2001: A Space Odyssey

2001: A Space Odyssey

[Published December 26th, 2001, Show Business Weekly]

As 2001 draws to a close, the time is right for a challenging alternative to the escapist fare that currently dominates our screens. By the time you read this, the movie that shares its title with the current year, 2001: A Space Odyssey, might very well not be playing at the Times Square Cinema it currently occupies. Warner Bros., the company releasing the film, has not publicized the movie in any media, and it’s unfortunate because 2001, of all films, needs to be seen on a big screen.

Director Stanley Kubrick’s vision of a possible future remains a rapturous and mysterious experience. With minimal dialogue, hypnotic widescreen compositions, and sequences traversing epochs of space and time, Kubrick relates his views on where we’re from, where we are, and where we’re going.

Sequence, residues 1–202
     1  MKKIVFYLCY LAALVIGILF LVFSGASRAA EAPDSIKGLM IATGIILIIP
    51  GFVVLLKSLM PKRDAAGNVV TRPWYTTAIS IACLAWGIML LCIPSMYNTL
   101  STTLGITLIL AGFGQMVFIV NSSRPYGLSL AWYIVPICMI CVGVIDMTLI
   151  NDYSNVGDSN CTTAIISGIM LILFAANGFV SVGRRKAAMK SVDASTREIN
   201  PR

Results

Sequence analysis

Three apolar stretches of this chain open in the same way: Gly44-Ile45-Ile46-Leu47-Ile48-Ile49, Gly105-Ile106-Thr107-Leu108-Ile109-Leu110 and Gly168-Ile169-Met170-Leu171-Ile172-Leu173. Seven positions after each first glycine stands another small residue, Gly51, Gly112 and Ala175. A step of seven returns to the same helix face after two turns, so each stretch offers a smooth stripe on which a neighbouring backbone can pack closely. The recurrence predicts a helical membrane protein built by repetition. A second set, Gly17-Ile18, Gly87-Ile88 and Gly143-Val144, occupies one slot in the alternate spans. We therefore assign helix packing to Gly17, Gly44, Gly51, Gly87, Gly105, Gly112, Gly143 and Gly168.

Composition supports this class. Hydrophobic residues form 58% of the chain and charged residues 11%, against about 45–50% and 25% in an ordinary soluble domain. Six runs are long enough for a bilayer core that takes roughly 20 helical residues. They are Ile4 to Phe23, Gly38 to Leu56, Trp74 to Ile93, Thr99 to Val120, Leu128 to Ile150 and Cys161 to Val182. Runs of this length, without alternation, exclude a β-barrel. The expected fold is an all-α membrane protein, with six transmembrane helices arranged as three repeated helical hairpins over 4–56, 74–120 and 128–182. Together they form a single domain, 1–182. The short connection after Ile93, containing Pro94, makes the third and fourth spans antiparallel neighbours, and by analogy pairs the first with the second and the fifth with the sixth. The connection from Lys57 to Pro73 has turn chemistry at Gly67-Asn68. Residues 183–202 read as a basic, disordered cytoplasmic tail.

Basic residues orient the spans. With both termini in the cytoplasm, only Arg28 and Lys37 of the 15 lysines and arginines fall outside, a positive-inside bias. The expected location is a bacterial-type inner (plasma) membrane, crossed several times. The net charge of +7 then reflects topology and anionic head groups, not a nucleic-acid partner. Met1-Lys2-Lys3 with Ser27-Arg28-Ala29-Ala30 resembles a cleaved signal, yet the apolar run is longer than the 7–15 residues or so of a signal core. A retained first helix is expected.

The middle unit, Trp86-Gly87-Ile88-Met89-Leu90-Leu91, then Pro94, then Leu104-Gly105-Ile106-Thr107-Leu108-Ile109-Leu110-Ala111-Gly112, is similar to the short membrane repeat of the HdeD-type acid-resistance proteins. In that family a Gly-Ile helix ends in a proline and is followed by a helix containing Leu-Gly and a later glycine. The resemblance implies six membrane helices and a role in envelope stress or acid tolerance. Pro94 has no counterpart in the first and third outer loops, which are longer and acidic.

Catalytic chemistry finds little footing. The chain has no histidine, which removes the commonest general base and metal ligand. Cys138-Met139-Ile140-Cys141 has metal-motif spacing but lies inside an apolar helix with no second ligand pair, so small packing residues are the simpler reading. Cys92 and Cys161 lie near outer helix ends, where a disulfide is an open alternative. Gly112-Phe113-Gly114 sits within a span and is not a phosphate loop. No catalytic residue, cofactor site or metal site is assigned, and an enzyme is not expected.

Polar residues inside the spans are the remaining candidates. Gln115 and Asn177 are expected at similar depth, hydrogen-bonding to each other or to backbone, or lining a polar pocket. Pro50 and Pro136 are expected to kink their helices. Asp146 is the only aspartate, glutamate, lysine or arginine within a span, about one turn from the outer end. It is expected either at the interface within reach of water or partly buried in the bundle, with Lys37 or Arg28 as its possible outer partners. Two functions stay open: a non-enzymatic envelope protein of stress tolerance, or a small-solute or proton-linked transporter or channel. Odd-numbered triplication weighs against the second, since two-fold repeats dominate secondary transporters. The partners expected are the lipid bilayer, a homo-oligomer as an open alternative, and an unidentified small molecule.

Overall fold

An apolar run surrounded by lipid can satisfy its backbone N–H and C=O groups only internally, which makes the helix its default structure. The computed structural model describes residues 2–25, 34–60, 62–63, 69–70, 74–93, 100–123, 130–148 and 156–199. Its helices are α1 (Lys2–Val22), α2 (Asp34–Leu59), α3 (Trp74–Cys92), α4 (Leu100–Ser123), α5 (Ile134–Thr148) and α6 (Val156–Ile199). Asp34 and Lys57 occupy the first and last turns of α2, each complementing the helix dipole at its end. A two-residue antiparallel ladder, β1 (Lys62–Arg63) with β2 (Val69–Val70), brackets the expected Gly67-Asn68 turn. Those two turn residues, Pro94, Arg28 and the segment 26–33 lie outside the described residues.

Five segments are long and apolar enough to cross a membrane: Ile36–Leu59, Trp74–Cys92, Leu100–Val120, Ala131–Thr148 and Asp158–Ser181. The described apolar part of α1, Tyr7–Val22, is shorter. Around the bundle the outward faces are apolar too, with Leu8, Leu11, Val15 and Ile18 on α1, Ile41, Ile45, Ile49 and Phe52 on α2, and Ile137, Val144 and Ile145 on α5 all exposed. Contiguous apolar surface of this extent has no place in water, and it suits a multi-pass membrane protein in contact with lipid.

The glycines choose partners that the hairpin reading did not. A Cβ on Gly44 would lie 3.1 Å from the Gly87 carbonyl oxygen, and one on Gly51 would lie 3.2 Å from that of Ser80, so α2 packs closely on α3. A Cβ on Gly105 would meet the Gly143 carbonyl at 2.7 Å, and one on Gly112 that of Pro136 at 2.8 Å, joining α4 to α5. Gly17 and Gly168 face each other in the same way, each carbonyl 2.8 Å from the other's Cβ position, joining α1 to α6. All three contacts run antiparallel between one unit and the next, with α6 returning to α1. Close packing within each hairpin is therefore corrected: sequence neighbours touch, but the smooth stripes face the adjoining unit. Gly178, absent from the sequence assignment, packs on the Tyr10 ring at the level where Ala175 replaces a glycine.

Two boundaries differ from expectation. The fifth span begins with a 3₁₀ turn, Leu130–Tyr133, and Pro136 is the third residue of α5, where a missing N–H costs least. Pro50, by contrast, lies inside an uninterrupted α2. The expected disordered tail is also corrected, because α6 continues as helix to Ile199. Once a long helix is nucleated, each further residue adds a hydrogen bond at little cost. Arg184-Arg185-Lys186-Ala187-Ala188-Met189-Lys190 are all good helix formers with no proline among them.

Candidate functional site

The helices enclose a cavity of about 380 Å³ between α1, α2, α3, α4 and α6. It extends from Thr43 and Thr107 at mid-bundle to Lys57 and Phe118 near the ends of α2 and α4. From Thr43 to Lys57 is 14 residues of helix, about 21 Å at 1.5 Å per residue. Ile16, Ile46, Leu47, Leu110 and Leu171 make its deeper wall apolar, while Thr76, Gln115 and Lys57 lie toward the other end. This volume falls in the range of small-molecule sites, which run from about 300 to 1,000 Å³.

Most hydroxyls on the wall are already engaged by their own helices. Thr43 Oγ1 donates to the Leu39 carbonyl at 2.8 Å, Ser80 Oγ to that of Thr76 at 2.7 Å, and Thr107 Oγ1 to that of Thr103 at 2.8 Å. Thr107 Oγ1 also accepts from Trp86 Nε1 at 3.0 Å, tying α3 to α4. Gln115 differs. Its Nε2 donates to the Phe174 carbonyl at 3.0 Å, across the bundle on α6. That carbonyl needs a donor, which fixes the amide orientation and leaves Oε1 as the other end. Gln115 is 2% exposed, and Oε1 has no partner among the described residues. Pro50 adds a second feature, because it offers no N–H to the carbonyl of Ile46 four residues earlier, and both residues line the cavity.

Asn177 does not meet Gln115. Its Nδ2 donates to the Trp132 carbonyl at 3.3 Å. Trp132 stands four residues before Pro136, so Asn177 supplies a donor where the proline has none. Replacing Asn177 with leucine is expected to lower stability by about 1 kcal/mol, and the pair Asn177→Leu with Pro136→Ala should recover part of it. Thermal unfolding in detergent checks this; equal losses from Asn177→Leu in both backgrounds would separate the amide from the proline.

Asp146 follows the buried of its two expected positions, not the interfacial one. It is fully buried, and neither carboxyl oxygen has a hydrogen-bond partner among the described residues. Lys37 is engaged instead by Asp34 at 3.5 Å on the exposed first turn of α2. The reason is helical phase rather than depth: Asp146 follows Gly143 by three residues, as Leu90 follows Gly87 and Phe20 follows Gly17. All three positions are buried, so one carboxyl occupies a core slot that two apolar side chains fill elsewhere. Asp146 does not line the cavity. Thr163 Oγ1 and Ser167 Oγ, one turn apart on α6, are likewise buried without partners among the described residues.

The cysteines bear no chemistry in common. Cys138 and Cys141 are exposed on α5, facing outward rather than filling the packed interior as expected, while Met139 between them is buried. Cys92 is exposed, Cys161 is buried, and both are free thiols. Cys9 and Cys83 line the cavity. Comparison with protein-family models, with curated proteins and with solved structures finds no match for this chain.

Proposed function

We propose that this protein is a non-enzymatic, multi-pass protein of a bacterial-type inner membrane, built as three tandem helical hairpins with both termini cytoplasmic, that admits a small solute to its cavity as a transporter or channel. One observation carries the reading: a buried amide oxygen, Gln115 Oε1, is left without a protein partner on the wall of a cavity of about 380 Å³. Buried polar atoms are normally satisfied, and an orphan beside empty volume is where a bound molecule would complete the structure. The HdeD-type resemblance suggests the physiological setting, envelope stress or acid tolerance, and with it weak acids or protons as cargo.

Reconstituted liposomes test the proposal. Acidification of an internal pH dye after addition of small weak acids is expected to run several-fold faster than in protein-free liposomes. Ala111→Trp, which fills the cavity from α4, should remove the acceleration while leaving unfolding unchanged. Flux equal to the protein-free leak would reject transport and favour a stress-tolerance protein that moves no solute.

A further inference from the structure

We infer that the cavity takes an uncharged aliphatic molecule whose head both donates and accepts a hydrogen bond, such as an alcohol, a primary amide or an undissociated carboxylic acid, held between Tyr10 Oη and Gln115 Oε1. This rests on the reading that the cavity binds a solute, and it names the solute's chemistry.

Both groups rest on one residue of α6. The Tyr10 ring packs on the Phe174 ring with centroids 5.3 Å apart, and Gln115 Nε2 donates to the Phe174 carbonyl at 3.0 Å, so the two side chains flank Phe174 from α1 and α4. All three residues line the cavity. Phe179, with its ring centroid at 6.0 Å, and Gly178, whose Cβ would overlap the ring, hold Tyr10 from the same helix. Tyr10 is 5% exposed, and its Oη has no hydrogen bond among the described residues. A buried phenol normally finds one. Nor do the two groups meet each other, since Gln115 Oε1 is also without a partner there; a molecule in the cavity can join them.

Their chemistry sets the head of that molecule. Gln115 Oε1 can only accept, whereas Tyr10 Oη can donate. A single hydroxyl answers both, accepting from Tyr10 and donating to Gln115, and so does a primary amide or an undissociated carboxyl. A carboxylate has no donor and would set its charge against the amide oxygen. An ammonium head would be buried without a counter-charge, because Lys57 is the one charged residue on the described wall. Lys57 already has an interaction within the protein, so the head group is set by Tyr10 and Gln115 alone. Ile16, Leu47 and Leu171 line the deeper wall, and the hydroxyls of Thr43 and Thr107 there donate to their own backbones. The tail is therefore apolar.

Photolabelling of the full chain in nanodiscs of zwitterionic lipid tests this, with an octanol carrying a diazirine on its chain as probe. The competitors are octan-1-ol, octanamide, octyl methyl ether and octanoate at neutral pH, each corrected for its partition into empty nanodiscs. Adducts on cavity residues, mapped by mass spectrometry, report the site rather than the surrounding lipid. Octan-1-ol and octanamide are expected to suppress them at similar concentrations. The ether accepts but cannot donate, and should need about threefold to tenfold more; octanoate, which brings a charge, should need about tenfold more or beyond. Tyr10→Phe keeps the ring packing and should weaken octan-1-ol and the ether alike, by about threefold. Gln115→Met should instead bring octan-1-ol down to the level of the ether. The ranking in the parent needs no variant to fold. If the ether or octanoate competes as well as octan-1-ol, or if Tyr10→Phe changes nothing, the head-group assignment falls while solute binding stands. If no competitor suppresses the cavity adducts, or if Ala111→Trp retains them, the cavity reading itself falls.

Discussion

Especially in this time of painful questions, 2001’s suggestion that there are answers greater than we’ll ever know is a humbling experience. It’s no surprise that, at first release, many major critics panned 2001, and its lack of promotion today seems a suspect extension of that gut reaction. Perhaps it was Kubrick’s ultimate suggestion that human beings are a step in the evolutionary ladder, as opposed to an end, which led many to accuse him of misanthropy and pretension. It seems that derision still extends to some today, but one look at this new, restored print should put past and present detractors in their place.

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